More than 500 Iraqi detainees freed

The US military has freed more than 500 Iraqi detainees from three prisons in Iraq, including two journalists.

    The latest batch had been held in Abu Ghraib for many months

    The prisoners had been held for several months without charge at Abu Ghraib prison on the outskirts of Baghdad, at Camp Bucca, a US jail in southern Iraq, and at Camp Suse near the Kurdish city of Sulaimaniyah.

     

    "The US military freed all the prisoners this morning," said an Iraqi government spokesman on Sunday, adding that they had been cleared of terror-related charges.

     

    Majed Hameed, an Iraqi reporter for the Dubai-based Al-Arabiya network and the Reuters news agency, was released after four months in US custody, US Army Brigadier-General Mark Kimmitt said during a visit to Al-Arabiya's headquarters in Dubai.

     

    Ali al-Mashhadani, a photographer and cameraman for Reuters, was also freed in the mass release of 500 prisoners from Abu Ghraib prison west of Baghdad, Reuters reported. Al-Mashhadani had been jailed since August.

     

    US-led forces in Iraq are still holding more than 12,000 Iraqis in prisons across the country on suspicion of taking part in the armed operations against US-led troops and US-backed Iraqi troops.

     

    US soldier, civilians killed

     

    In other developments, f

    our Iraqi civilians and a US soldier were killed in a car accident in the northern Iraqi city of Mosul on Sunday, the US military said.

     

    Another US soldier and a civilian were injured in the crash which involved a passenger vehicle and an armoured humvee, the US military said.

     

    "The injured civilian and the two soldiers were taken to a nearby military medical facility, where one soldier was pronounced dead," the military said.

     

    Iraqi police officers are routinely
    targeted for killing by fighters

    Mosul police officer Fatehi Khodor said the dead civilians were a male driver and three women passengers.

     

    On Saturday, a US marine was found dead on Saturday from an apparent non-hostile bullet wound in Haditha, the US military said.

     

    In other incidents, armed men in Baghdad killed five civilians, two police and a former Iraqi army officer in separate incidents.

     

    Three bodies were found at a sewage plant in southeastern Baghdad.

     

    The body of a criminal intelligence officer who was abducted on Saturday was found in Basra.

     

    The bodies of a police brigadier and his bodyguard were found on a highway between Kirkuk and Beiji

     

    Fighters' unity bid

     

    According to an internet statement posted on Sunday, al-Qaida in Iraq and some other armed groups have set up an umbrella body to coordinate their fight against US-led forces and the Iraqi government.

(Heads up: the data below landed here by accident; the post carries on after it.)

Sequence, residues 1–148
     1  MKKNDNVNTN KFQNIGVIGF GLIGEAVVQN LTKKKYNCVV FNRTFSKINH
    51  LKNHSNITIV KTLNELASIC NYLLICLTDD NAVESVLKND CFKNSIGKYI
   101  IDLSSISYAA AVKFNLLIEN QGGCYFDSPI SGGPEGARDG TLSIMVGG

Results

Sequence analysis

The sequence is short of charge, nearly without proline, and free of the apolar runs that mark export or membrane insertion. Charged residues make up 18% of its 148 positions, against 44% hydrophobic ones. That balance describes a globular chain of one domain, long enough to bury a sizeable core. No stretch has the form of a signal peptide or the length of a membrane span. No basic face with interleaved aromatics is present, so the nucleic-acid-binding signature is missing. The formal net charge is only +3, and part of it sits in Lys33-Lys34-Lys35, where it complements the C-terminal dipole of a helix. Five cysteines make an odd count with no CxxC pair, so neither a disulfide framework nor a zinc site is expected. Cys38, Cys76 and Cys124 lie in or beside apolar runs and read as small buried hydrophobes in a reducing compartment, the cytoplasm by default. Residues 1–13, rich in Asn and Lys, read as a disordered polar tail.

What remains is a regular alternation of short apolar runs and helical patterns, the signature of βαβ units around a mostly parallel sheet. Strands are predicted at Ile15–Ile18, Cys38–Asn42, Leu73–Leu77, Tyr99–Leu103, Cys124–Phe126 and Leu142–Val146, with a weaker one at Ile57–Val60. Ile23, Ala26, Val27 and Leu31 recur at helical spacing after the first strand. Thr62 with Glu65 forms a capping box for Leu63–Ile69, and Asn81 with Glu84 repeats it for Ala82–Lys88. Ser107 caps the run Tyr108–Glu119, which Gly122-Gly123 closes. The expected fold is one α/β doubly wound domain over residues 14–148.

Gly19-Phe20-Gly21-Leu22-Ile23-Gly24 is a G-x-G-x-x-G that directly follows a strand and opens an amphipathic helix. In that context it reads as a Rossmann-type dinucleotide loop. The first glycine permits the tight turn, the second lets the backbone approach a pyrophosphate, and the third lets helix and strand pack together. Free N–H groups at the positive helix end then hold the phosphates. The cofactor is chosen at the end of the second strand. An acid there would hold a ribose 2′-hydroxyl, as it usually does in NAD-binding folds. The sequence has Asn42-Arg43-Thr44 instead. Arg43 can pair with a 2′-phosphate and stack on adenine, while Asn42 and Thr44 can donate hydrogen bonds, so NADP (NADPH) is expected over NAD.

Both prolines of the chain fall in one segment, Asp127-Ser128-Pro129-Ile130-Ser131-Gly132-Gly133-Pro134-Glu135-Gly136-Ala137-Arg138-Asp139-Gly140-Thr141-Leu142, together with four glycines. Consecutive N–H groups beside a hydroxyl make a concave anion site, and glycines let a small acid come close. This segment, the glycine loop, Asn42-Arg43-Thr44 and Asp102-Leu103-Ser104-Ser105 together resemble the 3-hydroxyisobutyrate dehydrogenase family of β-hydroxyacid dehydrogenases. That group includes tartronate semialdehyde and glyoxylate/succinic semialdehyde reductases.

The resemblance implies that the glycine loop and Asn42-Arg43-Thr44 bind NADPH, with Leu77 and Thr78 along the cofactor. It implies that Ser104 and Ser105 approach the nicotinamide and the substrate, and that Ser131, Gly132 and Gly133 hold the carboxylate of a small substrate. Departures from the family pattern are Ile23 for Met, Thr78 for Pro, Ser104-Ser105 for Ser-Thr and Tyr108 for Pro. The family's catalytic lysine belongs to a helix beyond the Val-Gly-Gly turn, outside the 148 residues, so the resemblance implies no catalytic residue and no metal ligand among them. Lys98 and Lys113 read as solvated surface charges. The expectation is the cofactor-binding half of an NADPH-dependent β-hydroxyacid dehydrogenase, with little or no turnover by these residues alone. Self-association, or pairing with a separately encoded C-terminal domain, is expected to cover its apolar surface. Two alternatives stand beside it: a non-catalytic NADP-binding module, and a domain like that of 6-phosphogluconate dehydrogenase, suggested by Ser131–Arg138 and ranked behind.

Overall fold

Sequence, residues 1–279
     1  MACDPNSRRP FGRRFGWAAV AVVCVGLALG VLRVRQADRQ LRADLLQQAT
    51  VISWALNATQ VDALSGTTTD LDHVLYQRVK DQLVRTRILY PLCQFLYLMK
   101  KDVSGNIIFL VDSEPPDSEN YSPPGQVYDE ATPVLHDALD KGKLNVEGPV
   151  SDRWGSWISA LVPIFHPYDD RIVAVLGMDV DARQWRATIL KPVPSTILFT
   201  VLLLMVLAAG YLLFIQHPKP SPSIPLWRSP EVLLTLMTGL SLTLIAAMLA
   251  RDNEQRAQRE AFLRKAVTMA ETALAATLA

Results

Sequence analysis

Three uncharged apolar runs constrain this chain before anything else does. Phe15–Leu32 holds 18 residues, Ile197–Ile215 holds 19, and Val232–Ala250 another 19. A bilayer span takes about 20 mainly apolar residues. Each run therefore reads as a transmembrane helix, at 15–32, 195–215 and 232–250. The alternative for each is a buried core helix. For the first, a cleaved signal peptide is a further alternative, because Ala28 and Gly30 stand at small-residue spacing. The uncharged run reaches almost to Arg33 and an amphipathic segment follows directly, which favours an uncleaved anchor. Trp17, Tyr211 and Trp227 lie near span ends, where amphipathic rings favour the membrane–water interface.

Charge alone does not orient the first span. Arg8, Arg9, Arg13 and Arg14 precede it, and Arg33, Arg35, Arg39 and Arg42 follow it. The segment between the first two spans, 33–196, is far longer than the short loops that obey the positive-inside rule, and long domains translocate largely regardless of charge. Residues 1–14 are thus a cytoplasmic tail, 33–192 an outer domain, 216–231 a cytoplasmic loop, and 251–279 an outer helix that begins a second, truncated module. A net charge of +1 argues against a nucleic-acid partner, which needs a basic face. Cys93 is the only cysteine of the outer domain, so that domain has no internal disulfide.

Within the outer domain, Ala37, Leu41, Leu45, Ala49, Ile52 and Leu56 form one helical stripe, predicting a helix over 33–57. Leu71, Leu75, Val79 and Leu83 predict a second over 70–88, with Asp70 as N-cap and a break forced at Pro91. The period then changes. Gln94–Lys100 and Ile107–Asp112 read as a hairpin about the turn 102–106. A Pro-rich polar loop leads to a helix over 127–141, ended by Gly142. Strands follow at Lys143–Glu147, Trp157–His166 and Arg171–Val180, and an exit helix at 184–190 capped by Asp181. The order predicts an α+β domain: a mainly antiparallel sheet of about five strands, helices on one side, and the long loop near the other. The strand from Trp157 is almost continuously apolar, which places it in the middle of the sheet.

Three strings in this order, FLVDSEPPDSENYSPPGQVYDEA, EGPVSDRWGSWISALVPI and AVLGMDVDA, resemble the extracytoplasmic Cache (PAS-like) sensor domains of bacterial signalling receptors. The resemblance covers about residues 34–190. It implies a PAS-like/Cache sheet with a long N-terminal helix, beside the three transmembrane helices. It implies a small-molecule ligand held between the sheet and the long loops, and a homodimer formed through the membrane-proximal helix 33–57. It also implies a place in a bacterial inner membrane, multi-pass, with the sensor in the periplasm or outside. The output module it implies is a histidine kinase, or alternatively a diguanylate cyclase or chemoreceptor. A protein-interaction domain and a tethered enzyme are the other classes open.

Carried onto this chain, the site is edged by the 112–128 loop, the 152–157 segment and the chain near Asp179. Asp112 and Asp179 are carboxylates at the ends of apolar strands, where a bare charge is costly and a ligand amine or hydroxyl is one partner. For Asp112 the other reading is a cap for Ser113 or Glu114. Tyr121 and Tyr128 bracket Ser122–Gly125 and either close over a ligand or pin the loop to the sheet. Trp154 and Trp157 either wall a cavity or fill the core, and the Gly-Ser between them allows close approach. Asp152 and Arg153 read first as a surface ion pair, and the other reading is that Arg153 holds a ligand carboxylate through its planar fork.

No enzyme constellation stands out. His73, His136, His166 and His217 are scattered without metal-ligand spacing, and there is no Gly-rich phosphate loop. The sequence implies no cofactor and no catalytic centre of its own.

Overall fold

The Mujahideen Council aims to confront the "Crusaders and their rejectionist and secularist followers who have seized Baghdad", said the statement attributed to al-Qaida, the

    Army of the Victorious Sect and four lesser known Sunni Muslim groups.

     

    Army of Ansar al-Sunna is one of
    the most deadly anti-US groups

    The council, which does not include leading anti-US groups such as the Army of Ansar al-Sunna and the Islamic Army in Iraq, said it "welcomes anyone desiring (Islam's) victory to join".

     

    The statement's authenticity could not be verified. It was posted on a website often used by anti-government and anti-US fighters, which subsequently carried messages from the council claiming responsibility for attacks in Iraq in recent days.

     

    "The council also calls on Muslims in Iraq and across the world to join the jihad in Iraq to fight for the victory of religion and to defend the oppressed," it said.

     

    Al-Qaida in Iraq, led by Abu Musab al-Zarqawi, Washington's most wanted man in the country, is one of the main groups fighting US-led forces and the US-backed

    Iraqi government, which is dominated by Kurds and Shia Muslim Arabs.

     

    Inquiry outcome

     

    Iraq's electoral commmission on Monday will reveal the outcome of its investigation into a raft of complaints of fraud arising out of last month's parliamentary poll, a spokesman said on Sunday.

     

    For their part, foreign monitors have said they will release the conclusion of a separate probe into the election on Thursday.

     

    Initial indications from the December 15 vote showed that Iraq's Shia majority came out on top, but final results have been delayed by allegations of ballot-rigging from Sunni-backed and secular parties.

     

    Final election results have been
    delayed by talk of vote-rigging

    The electoral commission said it would hold a press conference on Monday afternoon to reveal its decisions on the complaints, the spokesman said.

     

    Abdul Hussein al-Hindawi, a c

    ommission member,

    said on Saturday he expected the results from 150 to 200 ballot boxes to be voided because of fraud.

     

    The commission spokesman said it was not known when final uncertified results would be announced. "That is still under discussion," he said.

     

    The Canada-backed International Mission for Iraqi Elections said it would release a final report on Thursday instead of an interim report, which had been due out on Sunday.

     

    "Because its work has proceeded more quickly than anticipated, it has decided to move directly to the final report," the mission said in a statement.

     

    A positive assessment by the experts will give further credibility to the electoral commission, which has been accused of being biased. 

    SOURCE: Aljazeera + Agencies


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